Further, the percentage of children born outside marriage in the U.S. has increased from 5% to just over 40%, and in the U.K. from 5% to 47%.44 In Scandinavia now, 82% of all firstborn children are born to unmarried parents. The percentage of U.S. children being raised by single parents has quadrupled, from 8% to 32%. And among parents who have only a high school education, 70% of the children are now living in single-parent families. Why does this matter? Because the children of unwed, divorced and other single parents have three times as many serious behavioral, emotional, and developmental problems as children in two parent families— drug abuse, depression, violence, crime, and poverty. By every measure of child wellbeing, these children are far worse off than other children. And when that many children are dysfunctional, the entire society becomes dysfunctional.

As stated bluntly by a recent Time magazine article, “There is no other single force causing as much measurable hardship and human misery in this country as the collapse of marriage. It hurts children, it reduces mothers’ financial security, and it has landed with particular devastation on those who can bear it least: the nation’s underclass. The poor [have uncoupled] parenthood from marriage, and the financially secure [blast] apart their unions if they aren’t having fun anymore.”45

Recent research by Harvard political scientist Robert Putnam shows the effects of the marriage collapse on the many children in single-parent homes where the parent has only a high school education. Putnam’s typical but horrific case studies based on personal interviews put some compelling faces on the overall statistics:

For example, David grew up mostly with his dad, but he had nine half-siblings and no fixed address. “Adults moved in and out of his life without worrying what happened to the kids.” He went to “seven different elementary schools,” and school was “a problem,” but he still wants “a higher education” so he can get a job. He got his girlfriend pregnant, then she took up with a drug addict guy, but David still loves “being a dad.” He posted on Facebook, “I always end up at the losing end. I just want to feel whole again.”46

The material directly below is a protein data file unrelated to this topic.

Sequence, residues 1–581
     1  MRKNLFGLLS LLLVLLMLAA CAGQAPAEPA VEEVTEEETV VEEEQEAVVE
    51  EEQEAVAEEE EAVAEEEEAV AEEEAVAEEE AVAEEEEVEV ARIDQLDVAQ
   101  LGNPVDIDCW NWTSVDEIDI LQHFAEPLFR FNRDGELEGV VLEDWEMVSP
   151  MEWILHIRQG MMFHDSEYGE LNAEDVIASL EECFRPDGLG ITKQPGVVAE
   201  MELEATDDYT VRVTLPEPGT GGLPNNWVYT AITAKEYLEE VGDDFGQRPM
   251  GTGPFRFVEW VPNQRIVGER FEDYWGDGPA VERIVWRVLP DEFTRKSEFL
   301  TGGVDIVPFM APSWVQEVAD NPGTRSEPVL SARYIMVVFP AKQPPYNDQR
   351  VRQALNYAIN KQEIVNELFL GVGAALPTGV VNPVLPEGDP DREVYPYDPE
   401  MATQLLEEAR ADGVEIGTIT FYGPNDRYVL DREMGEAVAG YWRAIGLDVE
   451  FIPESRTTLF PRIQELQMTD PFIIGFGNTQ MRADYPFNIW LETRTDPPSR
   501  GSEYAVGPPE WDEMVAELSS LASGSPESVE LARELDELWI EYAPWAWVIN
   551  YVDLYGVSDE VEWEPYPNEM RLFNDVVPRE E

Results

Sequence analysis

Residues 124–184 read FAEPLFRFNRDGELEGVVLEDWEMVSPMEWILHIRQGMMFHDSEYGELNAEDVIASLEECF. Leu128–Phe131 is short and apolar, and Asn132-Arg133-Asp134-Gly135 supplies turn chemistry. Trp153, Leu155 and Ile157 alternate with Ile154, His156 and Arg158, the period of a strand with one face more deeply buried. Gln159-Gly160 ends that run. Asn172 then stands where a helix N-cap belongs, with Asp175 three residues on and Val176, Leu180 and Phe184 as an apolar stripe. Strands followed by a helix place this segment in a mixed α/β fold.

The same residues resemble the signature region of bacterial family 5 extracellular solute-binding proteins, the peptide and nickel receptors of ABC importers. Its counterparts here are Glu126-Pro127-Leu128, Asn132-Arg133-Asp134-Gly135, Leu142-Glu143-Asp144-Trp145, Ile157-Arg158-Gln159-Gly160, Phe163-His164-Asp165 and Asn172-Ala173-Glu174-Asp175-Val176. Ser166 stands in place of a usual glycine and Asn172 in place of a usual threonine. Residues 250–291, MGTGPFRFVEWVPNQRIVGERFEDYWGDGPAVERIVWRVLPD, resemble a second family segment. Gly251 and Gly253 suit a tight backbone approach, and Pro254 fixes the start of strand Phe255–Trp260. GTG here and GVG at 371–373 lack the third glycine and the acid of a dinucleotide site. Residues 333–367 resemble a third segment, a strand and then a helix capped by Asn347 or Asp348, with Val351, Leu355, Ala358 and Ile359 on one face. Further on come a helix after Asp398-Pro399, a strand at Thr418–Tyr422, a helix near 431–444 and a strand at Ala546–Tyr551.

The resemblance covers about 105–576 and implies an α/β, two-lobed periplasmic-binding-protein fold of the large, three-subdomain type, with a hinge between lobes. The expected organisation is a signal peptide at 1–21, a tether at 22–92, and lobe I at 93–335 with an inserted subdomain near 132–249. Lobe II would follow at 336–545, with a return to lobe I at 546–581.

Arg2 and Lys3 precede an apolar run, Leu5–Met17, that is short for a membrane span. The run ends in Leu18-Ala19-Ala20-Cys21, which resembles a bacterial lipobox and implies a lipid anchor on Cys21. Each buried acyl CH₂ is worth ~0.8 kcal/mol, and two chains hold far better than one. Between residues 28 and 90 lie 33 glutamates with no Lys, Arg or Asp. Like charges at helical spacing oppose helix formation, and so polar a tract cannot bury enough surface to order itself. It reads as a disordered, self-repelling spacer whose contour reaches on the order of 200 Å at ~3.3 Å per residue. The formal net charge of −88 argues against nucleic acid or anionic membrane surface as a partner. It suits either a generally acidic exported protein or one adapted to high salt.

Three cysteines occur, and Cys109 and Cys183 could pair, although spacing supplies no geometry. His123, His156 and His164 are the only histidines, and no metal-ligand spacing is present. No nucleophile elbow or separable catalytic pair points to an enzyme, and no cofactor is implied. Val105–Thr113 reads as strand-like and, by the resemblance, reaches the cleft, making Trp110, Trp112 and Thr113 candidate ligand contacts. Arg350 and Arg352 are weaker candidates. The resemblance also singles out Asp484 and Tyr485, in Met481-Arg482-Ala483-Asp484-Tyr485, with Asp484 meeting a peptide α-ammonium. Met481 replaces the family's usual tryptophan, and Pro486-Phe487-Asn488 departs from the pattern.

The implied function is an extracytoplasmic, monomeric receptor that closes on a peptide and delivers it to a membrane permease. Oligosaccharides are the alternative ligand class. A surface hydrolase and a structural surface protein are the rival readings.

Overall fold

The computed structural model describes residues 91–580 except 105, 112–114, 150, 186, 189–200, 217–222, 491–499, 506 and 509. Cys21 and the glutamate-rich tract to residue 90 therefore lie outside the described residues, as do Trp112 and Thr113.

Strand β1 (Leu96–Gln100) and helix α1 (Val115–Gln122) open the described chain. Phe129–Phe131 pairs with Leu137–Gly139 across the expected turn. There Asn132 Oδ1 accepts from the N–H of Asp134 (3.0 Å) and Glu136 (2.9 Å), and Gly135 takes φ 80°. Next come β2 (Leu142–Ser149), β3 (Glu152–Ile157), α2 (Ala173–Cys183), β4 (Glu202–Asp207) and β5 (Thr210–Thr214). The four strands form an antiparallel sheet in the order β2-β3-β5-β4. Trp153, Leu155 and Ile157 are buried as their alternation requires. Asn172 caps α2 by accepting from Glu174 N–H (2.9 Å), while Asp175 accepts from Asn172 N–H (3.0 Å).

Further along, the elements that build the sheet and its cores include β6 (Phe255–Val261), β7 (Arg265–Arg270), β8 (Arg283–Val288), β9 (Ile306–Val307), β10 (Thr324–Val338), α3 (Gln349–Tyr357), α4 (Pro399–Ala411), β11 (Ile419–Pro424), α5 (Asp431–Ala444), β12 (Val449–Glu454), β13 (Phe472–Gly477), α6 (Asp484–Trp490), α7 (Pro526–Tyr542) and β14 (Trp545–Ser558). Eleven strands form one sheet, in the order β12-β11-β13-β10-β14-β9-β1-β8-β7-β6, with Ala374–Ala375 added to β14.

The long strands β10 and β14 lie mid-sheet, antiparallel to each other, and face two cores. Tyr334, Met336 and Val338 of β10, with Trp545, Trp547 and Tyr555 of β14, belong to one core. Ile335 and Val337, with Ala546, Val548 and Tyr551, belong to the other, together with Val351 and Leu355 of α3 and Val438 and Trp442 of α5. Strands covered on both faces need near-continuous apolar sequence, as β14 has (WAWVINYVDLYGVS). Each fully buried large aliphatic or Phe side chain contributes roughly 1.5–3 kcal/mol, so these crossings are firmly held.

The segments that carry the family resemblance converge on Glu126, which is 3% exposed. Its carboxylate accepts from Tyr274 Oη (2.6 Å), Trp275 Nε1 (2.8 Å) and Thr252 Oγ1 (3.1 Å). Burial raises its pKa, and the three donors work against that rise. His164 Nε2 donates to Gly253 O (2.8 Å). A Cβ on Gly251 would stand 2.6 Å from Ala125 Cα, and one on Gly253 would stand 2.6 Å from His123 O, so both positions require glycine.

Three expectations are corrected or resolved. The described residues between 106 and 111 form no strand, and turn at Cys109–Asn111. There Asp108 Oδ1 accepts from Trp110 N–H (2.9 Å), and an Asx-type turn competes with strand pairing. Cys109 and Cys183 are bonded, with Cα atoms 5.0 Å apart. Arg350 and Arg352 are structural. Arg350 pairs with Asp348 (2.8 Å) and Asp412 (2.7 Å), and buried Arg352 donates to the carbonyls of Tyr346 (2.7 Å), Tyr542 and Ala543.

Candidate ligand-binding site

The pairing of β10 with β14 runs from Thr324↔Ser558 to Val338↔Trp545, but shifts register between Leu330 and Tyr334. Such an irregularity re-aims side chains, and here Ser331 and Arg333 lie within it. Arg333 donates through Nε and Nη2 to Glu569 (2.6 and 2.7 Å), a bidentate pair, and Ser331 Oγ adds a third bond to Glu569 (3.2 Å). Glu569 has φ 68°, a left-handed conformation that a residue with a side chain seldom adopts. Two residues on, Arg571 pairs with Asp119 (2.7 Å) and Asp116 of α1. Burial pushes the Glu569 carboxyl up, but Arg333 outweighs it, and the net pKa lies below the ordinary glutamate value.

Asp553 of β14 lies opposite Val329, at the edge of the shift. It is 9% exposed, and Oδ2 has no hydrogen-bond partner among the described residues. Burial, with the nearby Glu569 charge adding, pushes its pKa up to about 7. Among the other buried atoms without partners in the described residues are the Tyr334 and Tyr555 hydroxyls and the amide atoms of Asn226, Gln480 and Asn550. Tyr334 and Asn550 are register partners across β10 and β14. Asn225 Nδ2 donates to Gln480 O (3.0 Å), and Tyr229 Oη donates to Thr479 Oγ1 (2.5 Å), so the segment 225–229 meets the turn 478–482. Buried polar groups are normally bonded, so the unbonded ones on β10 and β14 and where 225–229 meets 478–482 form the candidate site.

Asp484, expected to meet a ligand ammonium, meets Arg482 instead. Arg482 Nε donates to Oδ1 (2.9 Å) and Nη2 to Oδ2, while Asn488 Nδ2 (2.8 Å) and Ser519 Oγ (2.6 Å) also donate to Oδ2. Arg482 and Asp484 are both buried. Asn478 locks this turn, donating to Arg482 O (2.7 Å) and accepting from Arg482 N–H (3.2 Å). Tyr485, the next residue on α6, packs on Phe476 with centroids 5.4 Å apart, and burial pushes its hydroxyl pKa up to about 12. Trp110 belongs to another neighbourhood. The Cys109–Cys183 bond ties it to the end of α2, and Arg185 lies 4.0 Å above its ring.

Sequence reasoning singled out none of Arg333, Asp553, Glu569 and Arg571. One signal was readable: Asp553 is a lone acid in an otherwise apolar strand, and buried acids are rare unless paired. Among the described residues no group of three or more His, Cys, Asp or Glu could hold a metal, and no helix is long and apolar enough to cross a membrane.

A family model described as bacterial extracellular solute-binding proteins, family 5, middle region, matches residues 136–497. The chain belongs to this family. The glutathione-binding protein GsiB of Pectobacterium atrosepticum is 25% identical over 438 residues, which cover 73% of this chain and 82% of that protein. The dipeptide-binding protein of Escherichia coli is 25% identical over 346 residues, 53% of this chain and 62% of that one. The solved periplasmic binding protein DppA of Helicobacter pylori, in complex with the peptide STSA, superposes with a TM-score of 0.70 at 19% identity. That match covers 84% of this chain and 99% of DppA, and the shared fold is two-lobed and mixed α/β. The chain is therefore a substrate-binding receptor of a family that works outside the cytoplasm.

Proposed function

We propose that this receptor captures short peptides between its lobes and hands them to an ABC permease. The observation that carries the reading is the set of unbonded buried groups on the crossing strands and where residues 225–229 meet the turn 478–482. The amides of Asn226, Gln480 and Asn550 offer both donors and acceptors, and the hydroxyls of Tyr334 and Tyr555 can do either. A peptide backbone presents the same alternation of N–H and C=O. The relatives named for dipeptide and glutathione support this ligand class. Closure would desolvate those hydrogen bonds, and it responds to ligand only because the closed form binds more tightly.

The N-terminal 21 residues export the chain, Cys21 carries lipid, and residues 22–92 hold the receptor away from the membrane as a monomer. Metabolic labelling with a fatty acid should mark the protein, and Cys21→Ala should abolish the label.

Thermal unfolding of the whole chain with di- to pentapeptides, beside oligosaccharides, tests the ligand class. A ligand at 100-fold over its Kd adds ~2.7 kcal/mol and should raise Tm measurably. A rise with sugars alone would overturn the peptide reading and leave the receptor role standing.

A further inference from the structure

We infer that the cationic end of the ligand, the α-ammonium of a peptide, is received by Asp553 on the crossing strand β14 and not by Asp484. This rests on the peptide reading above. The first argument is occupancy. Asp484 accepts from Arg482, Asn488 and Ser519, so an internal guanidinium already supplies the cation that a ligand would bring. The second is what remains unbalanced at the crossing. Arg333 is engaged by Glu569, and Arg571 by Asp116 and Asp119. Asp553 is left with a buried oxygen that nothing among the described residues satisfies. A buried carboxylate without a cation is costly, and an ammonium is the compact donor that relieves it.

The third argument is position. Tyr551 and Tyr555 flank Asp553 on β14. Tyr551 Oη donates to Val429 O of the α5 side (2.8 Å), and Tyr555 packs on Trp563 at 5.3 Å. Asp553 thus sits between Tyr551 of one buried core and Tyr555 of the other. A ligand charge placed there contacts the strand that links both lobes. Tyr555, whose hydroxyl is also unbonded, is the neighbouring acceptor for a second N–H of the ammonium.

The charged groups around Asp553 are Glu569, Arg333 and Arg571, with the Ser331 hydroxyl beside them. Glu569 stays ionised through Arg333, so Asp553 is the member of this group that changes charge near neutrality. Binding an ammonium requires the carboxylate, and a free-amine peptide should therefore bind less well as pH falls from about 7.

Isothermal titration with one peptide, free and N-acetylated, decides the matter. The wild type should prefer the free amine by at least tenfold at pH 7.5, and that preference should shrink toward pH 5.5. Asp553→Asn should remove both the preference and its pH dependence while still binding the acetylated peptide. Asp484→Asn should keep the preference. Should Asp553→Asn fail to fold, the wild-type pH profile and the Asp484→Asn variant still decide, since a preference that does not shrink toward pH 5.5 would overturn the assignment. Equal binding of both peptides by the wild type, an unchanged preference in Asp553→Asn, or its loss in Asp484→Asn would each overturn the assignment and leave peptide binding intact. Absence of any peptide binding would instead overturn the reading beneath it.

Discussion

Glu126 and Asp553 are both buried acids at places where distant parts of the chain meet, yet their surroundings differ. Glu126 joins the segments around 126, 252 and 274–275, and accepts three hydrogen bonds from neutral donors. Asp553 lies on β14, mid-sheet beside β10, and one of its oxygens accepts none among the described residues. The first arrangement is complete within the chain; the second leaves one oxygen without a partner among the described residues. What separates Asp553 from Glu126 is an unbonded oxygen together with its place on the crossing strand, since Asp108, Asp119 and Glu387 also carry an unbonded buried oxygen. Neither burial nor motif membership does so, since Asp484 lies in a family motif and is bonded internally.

Kayla’s mom left her abusive first husband, lived with her boss for a while, and they had Kayla. Her mom then lived with several other men who drank a lot, but she never had a regular job. Kayla’s dad got an 18-year-old girl pregnant then left her when he found she was in an abusive relationship with her stepfather. So Kayla grew up with five step-siblings, saying her mom wasn’t “there for her.” She hated school and felt abandoned.47

When Elijah was a child he often saw “people being kidnapped and raped and killed.” He saw a child killed in a drive-by shooting when he was four. He didn’t see much of his mom but he visited his dad in jail. Once his dad beat him for burning down a lady’s house. Later his mom kicked him out of the house for getting “high and drunk every night.” He dreams of being a preacher, but he still “just love beating up somebody.” He’s got “a lot of personal issues.”48

From such stories and the extensive data behind them, New York Times columnist David Brooks has drawn the conclusion that, “We now have multiple generations of people caught in recurring feedback loops of economic stress and family breakdown, often leading to something approaching an anarchy of the intimate life.” In looking for basic causes, Brooks believes that the vital missing ingredient in these millions of families is not money or social policy; rather, the problem is the absence of “norms,” – the “habits and virtues” that determine a society’s health. For example, he writes, “In many parts of American there are no minimally agreed upon standards for what it means to be a father, There are no basic codes and rules woven into daily life.” And these norms “weren’t destroyed because of people with bad values. They were destroyed by a plague of nonjudgmentalism, which refused to assert that one way of behaving was better than another.”22